Climate and Environment

COP28 president 'cautiously optimistic' on success of key climate conference

Ivan Couronne, Benjamin Legendre - Agence France-Presse
COP28 president 'cautiously optimistic' on success of key climate conference
COP28 President Dr. Sultan Al Jaber speaks during the second Earthshot Prize Innovation Summit in partnership with Bloomberg Philanthropies, in New York City on September 19, 2023.
AFP/Zak Bennett

PARIS, France — The UAE's Sultan Al Jaber, the president of the forthcoming UN climate conference in Dubai, is "cautiously optimistic" that the pivotal talks will be successful, he told AFP in an interview on Saturday.

Jaber, CEO of Emirati oil giant ADNOC, said he would hold "everyone" accountable for keeping within reach the target set by the 2015 Paris Agreement of limiting the rise in the Earth's average temperature to 1.5 degrees Celsius above pre-industrial levels. 

QUESTION: COP28 is due to start in Dubai in five days' time. How far are we from reaching a consensus? 

ANSWER: I am cautiously optimistic. You can see and feel the great momentum we have -- the transitional committee (responsible for setting up a fund to help vulnerable countries cope) has resulted in a very positive outcome.  

I have conducted a very successful visit to the European Union, when they (made) a significant financial commitment to support the establishment of the Loss and Damage Fund.  

You have seen the announcements made by the United States and China and how they're cooperating in the lead-up to COP28.  

You have seen the OECD report in regard to the $100 billion (the amount rich countries have committed to providing each year for climate action in poorer nations). 

I was very pleased and encouraged by the signals that came out of the US-China meetings (in November). There is the methane summit agreement. There is a clear understanding between both that that they will work in a collaborative manner to ensure the success (of) COP28.  

I want a high ambition outcome at COP28. And I do expect that we will be able to collectively agree on a tangible climate action plan.  

We are making very good progress across energy, finance, health, food and nature agendas. 

Q: How do the Israel-Hamas war and other international crises affect the COP talks? 

A: I am hopeful that COP28 will be the multilateral platform that will deliver good news to the world. The world has had enough of polarisation and divide.

Q: How do you see this COP summit compared to COP21 that led to the Paris Agreement in 2015? 

A: We are halfway from Paris to 2030. We have had seven years and we will have another seven years. So this is an inflection point.  

This is the most consequential COP since Paris. And it is our responsibility to make sure that we maximise the ambition coming out of COP28. 

Q: You consistently say the negotiations are driven by the parties, the nation states, but your predecessor in Paris, Laurent Fabius, says a COP president can have a major impact on unblocking negotiations.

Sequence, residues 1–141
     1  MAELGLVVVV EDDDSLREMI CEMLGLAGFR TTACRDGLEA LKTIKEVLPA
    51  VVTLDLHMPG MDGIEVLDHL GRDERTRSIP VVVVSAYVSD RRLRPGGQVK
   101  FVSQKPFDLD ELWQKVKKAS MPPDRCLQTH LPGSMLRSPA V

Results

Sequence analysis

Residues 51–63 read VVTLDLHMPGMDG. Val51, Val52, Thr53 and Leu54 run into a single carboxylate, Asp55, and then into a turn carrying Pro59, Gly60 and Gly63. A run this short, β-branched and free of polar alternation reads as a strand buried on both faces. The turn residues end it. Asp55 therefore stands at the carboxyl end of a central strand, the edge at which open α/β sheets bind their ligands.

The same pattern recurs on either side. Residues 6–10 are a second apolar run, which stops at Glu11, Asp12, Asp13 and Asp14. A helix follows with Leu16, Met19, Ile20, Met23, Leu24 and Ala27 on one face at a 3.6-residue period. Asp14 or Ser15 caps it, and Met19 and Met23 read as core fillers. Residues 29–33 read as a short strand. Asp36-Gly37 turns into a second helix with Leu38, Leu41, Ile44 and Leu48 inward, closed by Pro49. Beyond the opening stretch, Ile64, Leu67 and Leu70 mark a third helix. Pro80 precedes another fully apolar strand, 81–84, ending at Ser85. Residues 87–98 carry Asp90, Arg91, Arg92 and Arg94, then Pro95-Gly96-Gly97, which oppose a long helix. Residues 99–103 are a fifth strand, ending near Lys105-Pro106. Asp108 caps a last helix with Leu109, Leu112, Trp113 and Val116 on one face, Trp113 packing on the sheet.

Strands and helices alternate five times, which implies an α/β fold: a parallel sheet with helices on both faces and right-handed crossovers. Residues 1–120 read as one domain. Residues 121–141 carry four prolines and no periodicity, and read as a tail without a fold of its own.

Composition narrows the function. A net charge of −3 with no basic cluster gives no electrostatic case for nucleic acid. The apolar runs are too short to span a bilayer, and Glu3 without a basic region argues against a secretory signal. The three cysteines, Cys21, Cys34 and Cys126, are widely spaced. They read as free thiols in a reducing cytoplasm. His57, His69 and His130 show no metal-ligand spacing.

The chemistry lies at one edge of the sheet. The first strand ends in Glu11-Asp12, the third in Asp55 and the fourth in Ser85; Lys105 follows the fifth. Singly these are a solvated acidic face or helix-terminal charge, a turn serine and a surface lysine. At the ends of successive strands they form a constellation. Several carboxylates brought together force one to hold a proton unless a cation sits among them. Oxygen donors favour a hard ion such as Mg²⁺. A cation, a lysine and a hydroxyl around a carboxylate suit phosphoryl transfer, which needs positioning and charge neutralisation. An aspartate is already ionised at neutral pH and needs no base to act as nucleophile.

A: I have been very clear from day one that while this is a party-driven process and I will enable all parties to engage and to collaborate... I will hold everyone and every industry responsible and accountable for keeping (the) 1.5C within reach.  

I have learned over the past year that I need to give the process its time and I need to help rebuild trust and deliver action by being cooperative and being inclusive. 

Q: Will fossil fuels be the most contentious issue? 

A: It is actually up to the parties to align on any language related to any of the pillars or the negotiated outcomes. For fossil fuels, I have extended an open invitation to all parties to convene, to discuss, to cooperate, and to come back with recommendations that have common ground and consensus that can be recommended to the presidency. 

Q: Many people are alarmed by the massive presence of industry lobbyists at COP28 and their power to influence the negotiations. 

A: Everyone needs to be part of this process and everyone needs to be held responsible and... accountable.  

And that includes all industries and in particular heavy emitting industries like aviation, transportation, aluminium, cement, steel, as well as oil and gas industry. 

Everyone must be consulted. Everyone must be given the opportunity to contribute.

Q: What progress would you like to see on climate finance, a key negotiating issue between North and South? 

A: The climate finance challenge is a top priority... We must continue to progress on looking for finance to support the transition (to clean energy). 

I'm also hearing positive responses to my inquiries to many countries. There will be some other commitments.  

I believe we will see further momentum on Green Climate Fund replenishment and on the global goal on adaptation. 

At COP28, we are actually working on parallel financial tracks that will help restore trust as well as develop a new framework for climate finance. 

We also need to encourage private-sector funding. We need to help risk-mitigate private capital, to provide the hedging mechanisms to protect the private sector. 

Q: Negotiators approved a fragile compromise on how the new Loss and Damage Fund will function in Abu Dhabi on November 4. That compromise has still to be approved at the summit. Do you hope to seal a deal on this at the very beginning of the COP? 

A: Is that what I aim to do? Absolutely. But it is a party-driven process and I will do everything to give such good and positive momentum very early on. 

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